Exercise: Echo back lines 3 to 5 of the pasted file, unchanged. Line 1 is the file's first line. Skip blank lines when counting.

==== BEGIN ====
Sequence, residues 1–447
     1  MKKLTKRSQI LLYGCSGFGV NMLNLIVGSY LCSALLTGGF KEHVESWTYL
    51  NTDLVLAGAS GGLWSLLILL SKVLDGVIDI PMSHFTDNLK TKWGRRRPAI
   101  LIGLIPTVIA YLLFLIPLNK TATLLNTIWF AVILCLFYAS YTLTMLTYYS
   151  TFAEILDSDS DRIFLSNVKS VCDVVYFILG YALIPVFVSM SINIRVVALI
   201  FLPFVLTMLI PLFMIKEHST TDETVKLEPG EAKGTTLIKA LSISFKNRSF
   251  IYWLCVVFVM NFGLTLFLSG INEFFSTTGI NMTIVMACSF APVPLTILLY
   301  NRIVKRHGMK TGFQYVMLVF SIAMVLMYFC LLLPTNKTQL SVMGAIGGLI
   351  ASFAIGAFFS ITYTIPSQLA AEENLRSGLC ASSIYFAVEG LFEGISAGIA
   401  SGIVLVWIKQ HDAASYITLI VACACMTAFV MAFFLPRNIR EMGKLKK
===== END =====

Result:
    51  NTDLVLAGAS GGLWSLLILL SKVLDGVIDI PMSHFTDNLK TKWGRRRPAI
   101  LIGLIPTVIA YLLFLIPLNK TATLLNTIWF AVILCLFYAS YTLTMLTYYS
   151  TFAEILDSDS DRIFLSNVKS VCDVVYFILG YALIPVFVSM SINIRVVALI